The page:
A Second Buggy Topic Today
Yes, not just another bugged-out commentary, but a lengthy second posted comment in the same thread at Carpe Diem, left by prof bug in response to the sheer ignorance that was reflected in the long thread by some other commentators, all libertarian zealots who blame government for almost everything that goes wrong in economic and social life, on how the existing governmental role taken by the Federal Reserve, the US Treasury, and other government agencies to deal with the existing financial crisis --- signed into law last week by President Bush (a free-market enthusiast), after Congress passed the revised economic rescue package --- might just lead to some hyperinflation(!) of the sort, these zealots claimed, that flared in the Weimar Republic and led to Nazism(!).
Prof bug responded. He set out a lengthy analysis of the causal chain that led to the first real German democratic system --- which emerged in late 1918 after defeat in WWI and lasted only about 14 years in a Nazi takeover --- and showed that the hyperinflation was over in 1923 . . . followed by six years of the Weimar republic's "golden age" of prosperity and stability.
It was the Great Depression, chief and foremost, that let the Nazi party to grow from 2.6% of the vote in the 1929 to 33% in November 1932. Two months later, conservative elites in the political world, financial sectors, and big business --- along with the officer corps --- maneuvered to bring Hitler to power, thinking they could control him for their own political ends. They were wrong. In the March 1933 election that Hitler called for a few weeks after his appointment as Chancellor by President Hindenburg (the top military officer in WWI and widely popular), the Nazis got 44% of the vote and soon ended the collapsing Republic, suspended all civil liberties, and established a Nazi dictatorship . . . followed by massive rearmament and a German welfare state for the masses, with vast Jew-hating propaganda aimed at preparing the Germans for total warfare to conquer first Europe and later the world. Heute Deutschland! Morgen die Welt! And Jews --- about 1/2 of 1.0% of the German population --- were said to control simultaneously Communist Russia, the British empire, and Wall Street.
The Wider Repercussions of the Great Depression
These are set out carefully in the buggy comments. By 1939, only the tiny Scandinavian countries --- along with tiny Switzerland, tiny Holland, and tiny Belgium --- were solid and stable democracies. All the new ones --- Italy (Mussolini in 1922), Spain, Portugal, Nazi Germany, and the new East European countries --- had all seen their shaky democratic systems collapse under the pressures of the Great Depression, class- and ethnic-conflicts and hatred, and extremist political polarization, with militarized or fascist or Nazi regimes in place. (Tiny Czechoslovakia, stable but with a disgruntled and tiny German minority in its borders that Hitler exploited, was abandoned by France and Britain and the Soviet Union at Munich in September 1938, followed a few months later by outright Nazi conquest . . . the prelude to WWII.). Further to the east was the mass-murdering gulag slave-labor system of Stalinist and Communist Russia.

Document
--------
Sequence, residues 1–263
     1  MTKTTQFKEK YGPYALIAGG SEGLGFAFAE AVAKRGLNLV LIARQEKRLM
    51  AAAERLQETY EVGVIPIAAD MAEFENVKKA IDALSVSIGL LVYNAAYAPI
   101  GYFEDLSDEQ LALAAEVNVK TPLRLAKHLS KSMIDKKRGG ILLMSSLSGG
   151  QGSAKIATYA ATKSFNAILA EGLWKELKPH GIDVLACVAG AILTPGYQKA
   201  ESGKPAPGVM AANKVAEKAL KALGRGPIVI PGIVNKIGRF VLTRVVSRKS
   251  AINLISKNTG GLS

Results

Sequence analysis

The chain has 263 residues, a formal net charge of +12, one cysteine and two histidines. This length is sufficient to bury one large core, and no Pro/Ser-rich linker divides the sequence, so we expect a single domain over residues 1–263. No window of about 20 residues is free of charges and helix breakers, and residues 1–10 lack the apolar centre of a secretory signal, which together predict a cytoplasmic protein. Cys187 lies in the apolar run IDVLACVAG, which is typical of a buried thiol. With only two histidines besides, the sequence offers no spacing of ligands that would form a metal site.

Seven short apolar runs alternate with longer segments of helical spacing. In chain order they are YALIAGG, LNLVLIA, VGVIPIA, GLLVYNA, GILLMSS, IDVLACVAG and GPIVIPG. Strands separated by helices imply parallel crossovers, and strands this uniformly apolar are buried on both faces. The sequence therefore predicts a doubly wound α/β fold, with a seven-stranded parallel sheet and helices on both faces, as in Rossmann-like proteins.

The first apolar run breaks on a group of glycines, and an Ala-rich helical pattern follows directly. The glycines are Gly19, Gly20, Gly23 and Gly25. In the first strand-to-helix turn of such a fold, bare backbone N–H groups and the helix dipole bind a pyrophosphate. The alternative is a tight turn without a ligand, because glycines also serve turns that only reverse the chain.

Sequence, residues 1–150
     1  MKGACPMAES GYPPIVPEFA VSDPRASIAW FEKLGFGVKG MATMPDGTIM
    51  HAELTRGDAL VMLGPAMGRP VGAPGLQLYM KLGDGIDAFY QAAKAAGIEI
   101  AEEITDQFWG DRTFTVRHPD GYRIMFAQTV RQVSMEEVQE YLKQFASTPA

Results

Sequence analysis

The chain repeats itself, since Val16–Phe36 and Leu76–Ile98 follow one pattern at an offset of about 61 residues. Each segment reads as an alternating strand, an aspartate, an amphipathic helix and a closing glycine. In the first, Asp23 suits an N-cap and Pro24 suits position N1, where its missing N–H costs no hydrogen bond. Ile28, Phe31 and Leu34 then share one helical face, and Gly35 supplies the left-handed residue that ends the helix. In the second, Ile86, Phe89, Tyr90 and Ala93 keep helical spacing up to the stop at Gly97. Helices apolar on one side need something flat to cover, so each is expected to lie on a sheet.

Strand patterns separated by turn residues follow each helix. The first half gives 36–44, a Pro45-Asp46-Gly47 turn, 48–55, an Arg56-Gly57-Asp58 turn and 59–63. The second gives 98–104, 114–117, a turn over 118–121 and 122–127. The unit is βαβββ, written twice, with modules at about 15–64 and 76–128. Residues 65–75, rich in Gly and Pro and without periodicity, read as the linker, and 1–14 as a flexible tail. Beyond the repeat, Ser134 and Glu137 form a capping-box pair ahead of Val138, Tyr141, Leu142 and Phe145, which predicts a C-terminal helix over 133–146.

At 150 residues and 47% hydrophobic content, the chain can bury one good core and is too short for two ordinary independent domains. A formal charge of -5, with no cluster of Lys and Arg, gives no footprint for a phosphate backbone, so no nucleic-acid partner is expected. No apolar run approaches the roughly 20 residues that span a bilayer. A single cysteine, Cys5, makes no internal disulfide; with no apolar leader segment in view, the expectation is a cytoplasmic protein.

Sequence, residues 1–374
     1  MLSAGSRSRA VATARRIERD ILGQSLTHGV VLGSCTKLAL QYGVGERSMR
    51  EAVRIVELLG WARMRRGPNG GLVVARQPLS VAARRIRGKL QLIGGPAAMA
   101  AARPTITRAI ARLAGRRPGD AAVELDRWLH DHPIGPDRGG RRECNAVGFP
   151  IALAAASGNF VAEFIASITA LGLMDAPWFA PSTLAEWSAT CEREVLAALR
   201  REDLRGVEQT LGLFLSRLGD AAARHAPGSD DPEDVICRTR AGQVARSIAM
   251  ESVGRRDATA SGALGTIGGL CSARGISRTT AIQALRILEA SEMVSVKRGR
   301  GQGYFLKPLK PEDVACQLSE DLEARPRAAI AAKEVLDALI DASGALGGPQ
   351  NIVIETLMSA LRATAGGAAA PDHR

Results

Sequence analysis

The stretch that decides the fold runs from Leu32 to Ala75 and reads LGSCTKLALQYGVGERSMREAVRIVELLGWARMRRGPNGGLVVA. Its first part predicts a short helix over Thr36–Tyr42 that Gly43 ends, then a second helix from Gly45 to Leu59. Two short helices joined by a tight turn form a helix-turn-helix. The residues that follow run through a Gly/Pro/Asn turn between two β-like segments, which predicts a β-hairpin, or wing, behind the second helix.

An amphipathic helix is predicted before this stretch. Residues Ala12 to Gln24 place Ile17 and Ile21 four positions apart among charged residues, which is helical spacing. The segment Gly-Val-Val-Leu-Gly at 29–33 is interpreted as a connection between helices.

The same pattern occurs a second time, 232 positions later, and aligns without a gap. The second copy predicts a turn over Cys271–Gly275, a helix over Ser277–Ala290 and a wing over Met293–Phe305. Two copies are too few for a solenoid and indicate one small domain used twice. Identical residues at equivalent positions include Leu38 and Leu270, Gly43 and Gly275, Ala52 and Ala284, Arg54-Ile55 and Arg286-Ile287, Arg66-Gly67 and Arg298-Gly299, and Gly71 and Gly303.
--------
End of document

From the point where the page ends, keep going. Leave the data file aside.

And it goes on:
That left two large democratic countries in West Europe: Britain and France. France, however, was torn in the late 1930s by polarized politics and class-animosities, and --- despite its mighty military on paper --- was quickly defeated by the Nazi Germans in May and June 1940.
The Modern Democratic Welfare-State
That was the benign longer-term consequence of the Great Depression, initiated in its midst by the Swedish Social Democrats. Alarmed by what they saw happening all over Europe, one democracy falling after another to right-wing extremist movements, they reached an historic compromise with the Swedish big business and financial sectors (along with small businesses). They would give up their ultimate socialist goals of nationalizing industry in return for a large government role to stabilize the battered economy and set up what soon emerged as the modern welfare state. Even today, 75 years or so after this historic compromise, big Swedish industry and virtually all the business sectors are still in private hands.
After WWII, every European country in West Europe followed the Swedish example . . . even Britain. And, going back to the New deal of FDR, to an extent in the US . . . historically a country with no socialist traditions on the left or statist-Conservative of the pre-democratic, pre-industrial sort that flourished in Europe. And, of course, the new former Soviet-ruled members of the EU in East Europe have a similar mixed-economy, with the US --- even in the Bush-W era --- moving to reassert government regulation over most of the financial world in this country, along with an ever larger role for government spending.
Click here for the buggy commentary.